Environmental Services

M. umbellata provides chemical defense to several species of beetles and moth larvae that feed on this species. The flowers are attractive to bees, butterflies and birds (Dave's Garden, 2016). This species is also consumed by the green iguana (Iguana iguana) in Panama (Rand et al., 1990).

Uses List

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Animal feed, fodder, forage

  • Forage

General

  • Botanical garden/zoo

Human food and beverage

  • Honey/honey flora
  • Vegetable

Materials

  • Fibre

Medicinal, pharmaceutical

  • Source of medicine/pharmaceutical
  • Traditional/folklore

Ornamental

  • Potted plant
  • Seed trade

Similarities to Other Species/Conditions

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About 100 species of Merremia occur worldwide and several other species are weedy (Staples, 2010). Most of these have much smaller, or deeply divided or digitately compund leaves. In the New World, M. umbellata can be easily distinguished by its simple leaves and the bright yellow flowers arranged in umbellate inflorescences. Those which might be confused include the following Old World species:

  • Merremia peltata is distributed in Africa and Southeast Asia including many islands in the Pacific where it is considered invasive (Staples, 2010). It differs in having larger, almost round, peltate leaves, up to 25 cm long, and larger flowers with sepals over 15 mm, corolla (white or yellow) 5-6 cm long.
  • Merremia bracteata, a newly described species known only from the Solomon Islands (Bacon, 1982), is also a more robust plant with stems up to 20 m, cordate leaves about 25 cm long and yellow flowers 5 cm long, distinguished especially by the presence of bracts surrounding the flowers, up to 3 cm long (absent in M. peltata and M. pacifica and minute in M. umbellata).
  • Merremia pacifica, found in several islands in the Pacific, and troublesome on the Solomon Islands, is close to M. umbellata in size of leaves and flowers but has a rugose leaf texture and pure white flowers. It is restricted in distribution, known only from Fiji and a few other islands, including New Georgia, Kolombangara and Gizo (Bacon, 1982).

Additionally, Staples (2010) notes that certain small˗flowered forms of M. umbellata from Southeast Asia intergrade with the Asian M. bambusetorum and M. kingii and as result the distinction between these three species is sometimes difficult.

Prevention and Control

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Cultural Control

There have been few reports on the control of M. umbellata but various methods have been suggested for other Merremia species (M. peltata, M. pacifica and M. bracteata) in the Solomon Islands. Cover crops have been suggested as a possible method for control in forestry plantations although the economics of this are not discussed (Neil, 1982f). Merremia species can be palatable to livestock and may also be kept in check through grazing though there is evidence that cattle may also damage trees (Neil, 1982e). Regimes for managing both the weed and the emerging plantations have been documented (Neil, 1982e). The usual control practice is to cut the emerging Merremia using long-bladed knives but this practice is labour-intensive and can easily damage establishing plants. Fire has been traditionally employed for clearing gardens for food production in the Solomon Islands and so-called 'prescribed burning' has been recommended for clearing areas prior to forest plantation establishment (Neil, 1982d). In forestry plantations, tree spacing is thought to influence the rates of weed ingress and an integrated silvicultural approach can provide acceptable levels of control (Chaplin, 1985).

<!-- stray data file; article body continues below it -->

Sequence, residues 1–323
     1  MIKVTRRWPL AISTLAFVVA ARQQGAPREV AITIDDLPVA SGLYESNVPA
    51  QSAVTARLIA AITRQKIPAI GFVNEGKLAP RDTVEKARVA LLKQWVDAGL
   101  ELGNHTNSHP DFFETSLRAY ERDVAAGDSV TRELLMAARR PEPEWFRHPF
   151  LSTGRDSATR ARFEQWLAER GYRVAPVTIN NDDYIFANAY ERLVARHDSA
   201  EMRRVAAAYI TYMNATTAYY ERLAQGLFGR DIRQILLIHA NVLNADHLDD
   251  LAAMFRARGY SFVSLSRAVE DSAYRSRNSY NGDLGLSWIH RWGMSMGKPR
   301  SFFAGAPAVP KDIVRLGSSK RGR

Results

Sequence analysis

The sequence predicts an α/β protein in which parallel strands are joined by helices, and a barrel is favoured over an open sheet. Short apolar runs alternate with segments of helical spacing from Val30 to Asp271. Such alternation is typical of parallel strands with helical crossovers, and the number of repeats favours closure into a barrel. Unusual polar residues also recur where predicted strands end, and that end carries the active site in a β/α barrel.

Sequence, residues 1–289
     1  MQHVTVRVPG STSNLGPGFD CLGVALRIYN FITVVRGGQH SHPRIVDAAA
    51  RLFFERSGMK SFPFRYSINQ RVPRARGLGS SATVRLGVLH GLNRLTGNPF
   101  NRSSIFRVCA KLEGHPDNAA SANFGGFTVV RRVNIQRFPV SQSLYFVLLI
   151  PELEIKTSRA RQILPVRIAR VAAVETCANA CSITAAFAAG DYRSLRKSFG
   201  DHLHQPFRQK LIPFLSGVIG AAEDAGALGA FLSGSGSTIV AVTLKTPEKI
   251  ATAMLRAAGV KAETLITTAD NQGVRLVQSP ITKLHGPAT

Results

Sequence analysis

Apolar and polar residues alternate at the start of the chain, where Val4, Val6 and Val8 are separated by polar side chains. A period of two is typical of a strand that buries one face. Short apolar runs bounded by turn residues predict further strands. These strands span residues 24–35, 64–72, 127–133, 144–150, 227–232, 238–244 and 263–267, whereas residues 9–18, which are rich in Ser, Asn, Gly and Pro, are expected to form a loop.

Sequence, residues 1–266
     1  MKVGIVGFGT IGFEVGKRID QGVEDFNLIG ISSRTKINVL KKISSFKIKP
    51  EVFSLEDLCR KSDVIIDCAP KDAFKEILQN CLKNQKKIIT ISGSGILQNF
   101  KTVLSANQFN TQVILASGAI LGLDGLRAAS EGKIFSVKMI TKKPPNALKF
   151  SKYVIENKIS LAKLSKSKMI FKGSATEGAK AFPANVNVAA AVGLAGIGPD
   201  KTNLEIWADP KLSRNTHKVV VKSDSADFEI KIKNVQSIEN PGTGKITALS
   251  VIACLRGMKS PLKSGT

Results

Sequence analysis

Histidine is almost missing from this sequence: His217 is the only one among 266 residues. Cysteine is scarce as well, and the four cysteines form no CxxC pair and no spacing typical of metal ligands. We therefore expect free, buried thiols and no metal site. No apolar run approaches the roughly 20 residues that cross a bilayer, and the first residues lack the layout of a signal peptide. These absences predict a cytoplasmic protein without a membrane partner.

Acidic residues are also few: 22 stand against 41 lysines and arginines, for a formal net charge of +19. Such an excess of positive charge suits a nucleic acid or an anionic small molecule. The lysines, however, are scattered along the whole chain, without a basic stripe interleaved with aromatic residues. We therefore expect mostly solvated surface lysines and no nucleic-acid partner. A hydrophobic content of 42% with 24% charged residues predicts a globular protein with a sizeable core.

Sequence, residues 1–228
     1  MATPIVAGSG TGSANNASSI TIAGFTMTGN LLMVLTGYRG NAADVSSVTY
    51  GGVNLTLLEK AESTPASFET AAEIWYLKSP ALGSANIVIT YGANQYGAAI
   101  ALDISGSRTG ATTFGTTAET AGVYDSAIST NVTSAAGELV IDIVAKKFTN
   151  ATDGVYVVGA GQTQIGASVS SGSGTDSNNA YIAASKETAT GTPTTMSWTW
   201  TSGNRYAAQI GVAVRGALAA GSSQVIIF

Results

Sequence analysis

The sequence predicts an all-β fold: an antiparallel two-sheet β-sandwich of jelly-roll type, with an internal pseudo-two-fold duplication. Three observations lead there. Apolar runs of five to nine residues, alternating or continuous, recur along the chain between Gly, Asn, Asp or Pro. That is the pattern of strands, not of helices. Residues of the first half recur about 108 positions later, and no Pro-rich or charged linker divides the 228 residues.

Chemical Control

In rice, Colon and Almarales (1985) achieved temporary control of M. umbellata in dry-sown rice with post-emergence application of thiobencarb or propanil and more prolonged control with a mixture of propanil plus oxadiazon. In forestry, Nazif (1992) tested triclopyr, picloram plus 2,4-D, fluroxypyr and glyphosate and obtained best results with glyphosate. Barnes and Chan (1990) suggest control by various combinations of MSMA or DSMA with diuron and 2,4-D or paraquat.

In work with other species on Solomon Islands, early reports indicated that Merremia (M. peltata, M. pacifica and M. bracteata) showed some resistance to growth-regulating herbicides, but rigorous field testing has revealed that this is not the case (Bacon, 1981; Neil, 1982c). A wide range of inexpensive and widely available herbicides provide efficient control of Merremia. Those reported as giving best control include: 2,4-D and ioxynil; MCPA; 2,4-D butyl ester; 2,4-D dimethylamine salt; triclopyr; triclopyr + picloram; glyphosate; and dicamba. These herbicides provide effective control at a range of commercially recommended dose rates (Bacon, 1981; Lamb, 1975; Neil, 1982c). Granular applications are not practical at field level but low volume applications have provided effective control (Neil, 1982b).

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04/09/2016 Updated by:

Dr. Fabiola Areces-Berazain, Herbarium UPRRP, University of Puerto Rico-Río Piedras